In, part 2 of this blog series, I delved into what burnout looked like for me and some of the feelings and emotions that I experienced at the time. In today’s article I describe how I ended up leaving nursing and beginning a life on the land milking cows.
Not recognising or having any idea of what burnout was at the time, I had begun to worry that something was physically wrong. I had an appointment with my GP and we began to run some tests. In my stressed out mind I started to self diagnose all types of physical ailments. Was this Cancer? Was this diabetes at 25? But when the results came back and I had a clean bill of physical health, we started to investigate other possible reasons for my poor sleep, lethargy, fatigue and irritability. This is when burnout and moral injury was first considered. Looking back now, it seems obvious that burnout was a possibility, but at the time it was hard to think about anything clearly.
I remember the day I quit vividly. It was after finishing night shift. I felt brittle, emotional and more ‘fuzzy’ than usual. I couldn’t imagine going back into work for another shift. I didn’t exactly know why i felt so overwhelmed but the next thing I remember is sitting in my manager's office with my head in my hands and a pool of salty water on the floor. I felt disengaged and disconnected. And the hardest part was that I didn't know why I was feeling this way.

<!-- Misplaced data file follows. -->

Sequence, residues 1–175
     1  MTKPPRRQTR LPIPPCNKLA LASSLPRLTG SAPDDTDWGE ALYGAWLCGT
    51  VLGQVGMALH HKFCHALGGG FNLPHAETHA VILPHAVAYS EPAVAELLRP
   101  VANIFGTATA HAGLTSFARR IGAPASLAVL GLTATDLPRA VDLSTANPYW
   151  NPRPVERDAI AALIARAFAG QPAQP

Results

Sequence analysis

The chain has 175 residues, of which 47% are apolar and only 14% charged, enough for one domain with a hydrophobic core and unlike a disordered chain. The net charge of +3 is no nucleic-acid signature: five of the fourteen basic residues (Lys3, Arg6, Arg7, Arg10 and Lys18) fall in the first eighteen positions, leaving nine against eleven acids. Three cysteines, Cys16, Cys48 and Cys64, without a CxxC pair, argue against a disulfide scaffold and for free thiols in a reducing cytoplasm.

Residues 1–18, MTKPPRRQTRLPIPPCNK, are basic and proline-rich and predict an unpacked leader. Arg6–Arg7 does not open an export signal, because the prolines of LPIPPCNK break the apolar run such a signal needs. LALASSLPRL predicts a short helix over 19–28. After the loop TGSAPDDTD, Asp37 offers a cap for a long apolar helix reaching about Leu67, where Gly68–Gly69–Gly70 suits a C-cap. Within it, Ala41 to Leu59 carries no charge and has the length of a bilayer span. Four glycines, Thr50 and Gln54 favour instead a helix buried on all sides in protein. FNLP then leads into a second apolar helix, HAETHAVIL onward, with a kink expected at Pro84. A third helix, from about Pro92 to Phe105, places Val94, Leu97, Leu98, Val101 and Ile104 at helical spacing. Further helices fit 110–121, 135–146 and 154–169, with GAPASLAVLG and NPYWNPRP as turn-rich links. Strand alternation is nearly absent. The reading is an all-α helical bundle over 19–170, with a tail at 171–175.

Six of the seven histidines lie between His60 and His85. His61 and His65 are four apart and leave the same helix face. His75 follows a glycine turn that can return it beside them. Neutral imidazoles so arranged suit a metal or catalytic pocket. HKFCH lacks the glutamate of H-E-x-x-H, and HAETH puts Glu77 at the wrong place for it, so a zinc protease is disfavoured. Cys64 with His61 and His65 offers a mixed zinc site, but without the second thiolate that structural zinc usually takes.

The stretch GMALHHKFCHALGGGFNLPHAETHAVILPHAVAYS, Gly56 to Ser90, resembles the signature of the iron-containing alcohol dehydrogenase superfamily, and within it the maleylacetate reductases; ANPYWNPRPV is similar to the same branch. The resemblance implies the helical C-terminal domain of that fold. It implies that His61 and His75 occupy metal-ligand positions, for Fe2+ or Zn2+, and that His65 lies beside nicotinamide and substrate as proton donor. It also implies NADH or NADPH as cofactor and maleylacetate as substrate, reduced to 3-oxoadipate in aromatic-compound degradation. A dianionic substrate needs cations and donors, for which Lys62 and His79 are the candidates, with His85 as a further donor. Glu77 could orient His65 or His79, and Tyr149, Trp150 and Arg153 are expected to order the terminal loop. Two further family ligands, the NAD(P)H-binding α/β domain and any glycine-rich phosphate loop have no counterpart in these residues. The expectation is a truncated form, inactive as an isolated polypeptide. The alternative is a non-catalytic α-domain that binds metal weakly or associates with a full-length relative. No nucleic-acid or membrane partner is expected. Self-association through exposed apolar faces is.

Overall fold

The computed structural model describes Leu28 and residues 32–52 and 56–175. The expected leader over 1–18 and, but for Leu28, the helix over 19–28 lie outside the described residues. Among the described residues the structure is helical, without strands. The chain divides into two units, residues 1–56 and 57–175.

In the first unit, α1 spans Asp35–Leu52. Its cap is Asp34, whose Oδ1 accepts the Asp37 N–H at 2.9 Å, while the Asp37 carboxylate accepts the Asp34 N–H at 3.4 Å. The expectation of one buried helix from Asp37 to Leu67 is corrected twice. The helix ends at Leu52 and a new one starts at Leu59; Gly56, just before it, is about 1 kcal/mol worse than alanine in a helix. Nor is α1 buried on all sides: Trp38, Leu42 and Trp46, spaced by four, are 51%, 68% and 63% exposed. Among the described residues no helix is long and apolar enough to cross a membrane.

With the help of my GP and the support of my manager, I took some time off from work. Unfortunately this also wasn’t the answer. I had no plan in place to try and understand what was happening, so in a panicked state I took a contract at a regional hospital to try another type of nursing.
Despite the change of pace, questions continued to circle my mind day and night. Was I making an impact? How was I going to feel fulfilled long-term in this job? Are these unhappy feelings going to follow me throughout my entire nursing career? With no clear answers in sight, I knew that I couldn’t keep doing this.
Burnout had taken ahold of my whole life. And I needed to escape it. I needed to feel whole again. Farming felt like the perfect solution. After all I was a 4th generation dairy farmer, with a proud family history of making a living off the land. Surely this was the answer?
So with my bags packed, house renovations finished and my car in safe hands with my cousin, I headed back home; ready to find healing in the familiar comfort of the known and controllable.
Next week, I’ll discuss what life as a farmer was like, the feeling of connection I felt, what it meant to me to have some time away, and why in the end it may not have gone the distance.
My key lessons from this time:
- Journaling about your experiences, thoughts and feelings. Doing this practice helped me make sense of the situation I found myself in. I did wish I had completed more personal documentation regarding some workplace concerns. The Fwards mindfulness feature was built for this purpose.
- Talk to a mentor, colleague or friend about your feelings or concerns. This is something I didn’t do well (if at all) and looking back wished I had.
- Seek help early from a professional; like your GP, the hospital EAP service or Nurse and Midwife Support to discuss your concerns and get expert help.
- Speak to your manager early. If you don’t feel supported and you are in the union, they will gladly help you navigate this territory.
- Taking a break might not be the answer, but it’s worth a shot to re-evaluate where you’re at.
- Consider whether there are other pressures that could be contributing to your feelings of burnout? Identify whether there are other areas of your life that might need change (is your family/partner supportive of your career? Do you have hobbies outside of work? How long is your commute?)
- Get help early. If you leave these emotions bottled up too long, the pressure has to release from somewhere.